“I would strongly encourage students to explore the option of working abroad…you learn more than just work…that is what education stands for”.
Process improvement veteran and IISE alum, Dhruv Gupta is no stranger to the evolving needs of enterprises from the public sector to Fortune 500. With over 5 coop terms specializing in process engineering and optimization, Dhruv is firmly planted in the field many Management Engineers excel in.
Dhruv, I’m glad we got a chance to talk. It’s been tricky finding time to connect. Could you give us some insight on where you work right now and what you’re doing?
I am currently on my fifth coop term working for Bosch in Germany. More specifically, I am working as an Engineering intern in the Manufacturing International Body Electronics division in a town called Ansbach, which is about 40 minutes away from the city of Nuremberg. The department I’m working for is the lead plant for all functions related to the automotive functions of the car (I.e – security, windshield wipers, Blinkers etc.). Within the department, I am working for the product planning team. This team is responsible for coordinating manufacturing processes for all products across the international production network. They act as the liaison between the plant and the business unit.
How has Germany been so far?
My experience so far in Germany has been incredible. I chose to work in Europe because I was looking for a new challenge and a new cultural experience, having done all my previous internships in Canada. Furthermore, I have always wanted to experience Europe during my University years, and this opportunity was too good to pass up. The German working culture is quite different to Canada, and you can tell that Germans are quite efficient from their work ethic. Asides from my work, I have been travelling across Europe in my spare time, and that has allowed me to experience different cultures that is continuously shaping my view of the world. I would strongly encourage students to explore the option of working abroad, if they can financially enable themselves to do so, as you learn more than just work, and in my opinion, that is what education stands for.
How did you go about arranging the work term?
I found the job through WaterlooWorks, but I had a two friends that worked in the same position before, so that was a big help. They helped me understand a bit more about the job, what it entails, what the team was like and so on.
Are there any nuances to the process?
I had my interview with my manager over Skype and he presented the function of the team, their responsibilities and so on. So there was nothing different in the typical process of job applications.
How has the transition towards European life been? Is it difficult moving abroad alone?
This is a really important question. Moving abroad alone is quite daunting at first, and it doesn’t matter how many times you have moved for different co-op jobs within Canada. Moving to a new a new continent, let alone a new country has its challenges. I have moved many times when I was younger, so I was expecting to adapt fairly smoothly. But the truth is, it takes time to settle down and get comfortable with a new language, people, working culture and so on. It really depends on how willing you are to adjust to a new culture so that you can start to make friends and build your network.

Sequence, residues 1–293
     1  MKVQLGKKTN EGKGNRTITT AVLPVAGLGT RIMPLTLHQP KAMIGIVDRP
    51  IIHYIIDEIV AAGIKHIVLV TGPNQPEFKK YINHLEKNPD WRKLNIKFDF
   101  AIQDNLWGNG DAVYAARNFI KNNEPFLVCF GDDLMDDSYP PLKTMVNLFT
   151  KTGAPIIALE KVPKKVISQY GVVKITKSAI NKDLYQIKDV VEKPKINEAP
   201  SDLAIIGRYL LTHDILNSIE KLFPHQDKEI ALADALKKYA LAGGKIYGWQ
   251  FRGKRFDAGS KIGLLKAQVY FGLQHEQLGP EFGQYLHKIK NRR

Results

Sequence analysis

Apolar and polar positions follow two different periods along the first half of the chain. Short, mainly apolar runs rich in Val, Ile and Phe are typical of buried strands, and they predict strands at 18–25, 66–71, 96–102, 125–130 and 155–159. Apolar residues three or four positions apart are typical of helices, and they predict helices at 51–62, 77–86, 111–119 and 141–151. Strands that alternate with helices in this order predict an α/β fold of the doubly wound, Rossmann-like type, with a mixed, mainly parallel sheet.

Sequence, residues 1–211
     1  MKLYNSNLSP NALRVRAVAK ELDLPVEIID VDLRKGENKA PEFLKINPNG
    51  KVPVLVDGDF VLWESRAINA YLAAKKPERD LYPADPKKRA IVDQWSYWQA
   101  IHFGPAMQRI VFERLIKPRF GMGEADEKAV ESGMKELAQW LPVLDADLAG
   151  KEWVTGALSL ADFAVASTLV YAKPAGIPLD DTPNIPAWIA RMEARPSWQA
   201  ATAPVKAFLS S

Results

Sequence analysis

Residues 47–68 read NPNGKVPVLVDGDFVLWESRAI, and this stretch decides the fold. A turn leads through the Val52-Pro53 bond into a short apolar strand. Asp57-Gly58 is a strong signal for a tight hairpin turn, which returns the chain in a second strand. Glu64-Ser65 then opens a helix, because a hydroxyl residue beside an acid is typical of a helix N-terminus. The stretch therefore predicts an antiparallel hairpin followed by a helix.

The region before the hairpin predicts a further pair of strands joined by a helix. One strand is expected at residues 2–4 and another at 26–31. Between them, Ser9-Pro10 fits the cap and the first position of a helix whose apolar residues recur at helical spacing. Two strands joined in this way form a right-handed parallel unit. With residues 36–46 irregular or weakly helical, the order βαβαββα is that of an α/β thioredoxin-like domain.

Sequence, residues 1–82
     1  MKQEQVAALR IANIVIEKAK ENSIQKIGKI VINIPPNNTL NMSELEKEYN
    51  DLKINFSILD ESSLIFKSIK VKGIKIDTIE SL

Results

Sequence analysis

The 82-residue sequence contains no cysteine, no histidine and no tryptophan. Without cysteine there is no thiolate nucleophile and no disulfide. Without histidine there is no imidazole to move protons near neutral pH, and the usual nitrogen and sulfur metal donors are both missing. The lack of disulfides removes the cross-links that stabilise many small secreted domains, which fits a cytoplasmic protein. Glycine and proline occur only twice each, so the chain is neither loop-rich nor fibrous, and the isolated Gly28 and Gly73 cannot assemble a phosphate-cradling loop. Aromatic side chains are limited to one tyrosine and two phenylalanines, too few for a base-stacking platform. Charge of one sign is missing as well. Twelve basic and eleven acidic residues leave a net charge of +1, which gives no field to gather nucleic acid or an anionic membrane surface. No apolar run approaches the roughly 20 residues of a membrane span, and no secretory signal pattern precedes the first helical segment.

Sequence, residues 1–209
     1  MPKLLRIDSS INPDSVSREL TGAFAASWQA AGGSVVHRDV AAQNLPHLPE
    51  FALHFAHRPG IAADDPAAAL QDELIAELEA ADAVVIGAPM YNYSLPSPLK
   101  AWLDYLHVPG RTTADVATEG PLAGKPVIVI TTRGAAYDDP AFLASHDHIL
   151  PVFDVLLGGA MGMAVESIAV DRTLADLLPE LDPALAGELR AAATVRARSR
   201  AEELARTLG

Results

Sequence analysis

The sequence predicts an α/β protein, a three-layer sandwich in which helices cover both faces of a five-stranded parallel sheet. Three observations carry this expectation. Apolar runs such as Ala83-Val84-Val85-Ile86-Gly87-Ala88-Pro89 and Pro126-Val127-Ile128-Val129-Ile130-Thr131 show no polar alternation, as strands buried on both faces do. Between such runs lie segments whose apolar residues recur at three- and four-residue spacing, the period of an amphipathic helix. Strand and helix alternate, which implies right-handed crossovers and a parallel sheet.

It must be daunting being in a new environment without your social group and unfamiliar with the cultural norms. How are you finding your way?
It took me a few weeks to get all my administrative paperwork out of the way. Once that was all done, I always made sure to keep an open mind and try to meet as many people as possible and be outgoing rather than stay in the comforts of my home. It’s not easy, when the local language is not native, but the challenge is what the experience is about. There are many interns from other countries at Bosch, and I have gotten to know them better and spend more time with them and learned about their cultures while teaching them about mine.
I can now also say that I have worked and lived in Germany which is quite cool, but more importantly I have developed a tremendous amount both personally and professionally and I wouldn’t change this experience for anything.
Could you speak a bit more regarding travel?
Travelling is obviously one of the perks of working in Europe. Going to different cities/ countries is obviously much cheaper than going from Canada. I have been travelling a decent amount, mostly for weekend trips to different countries. I have met with other Management Engineering students also working in Europe, and we have had a chance to catch up and share our experiences which has been really cool.
What kind of projects have you worked on?
A lot of the projects that I am working on are mostly based on supporting the product planners in different phases of their projects.
Specifically, I am developing a lot of programs on VBA to automate data and information gathering, and optimize decision making, as well as making tools to view KPIs for different projects depending on the planner.
I know reporting can be a monotonous process. Does Bosch give you the visibility the reports deserve?
I had the opportunity to organize a workshop for a topic related directly to process improvement/ saving costs, in which various members of the international production network were invited. This was an extremely rewarding opportunity for me to build my network and learn about the various processes in each manufacturing plant. Overall, it has been a very rewarding work term where I have been able to combine my technical and soft skills with a good balance.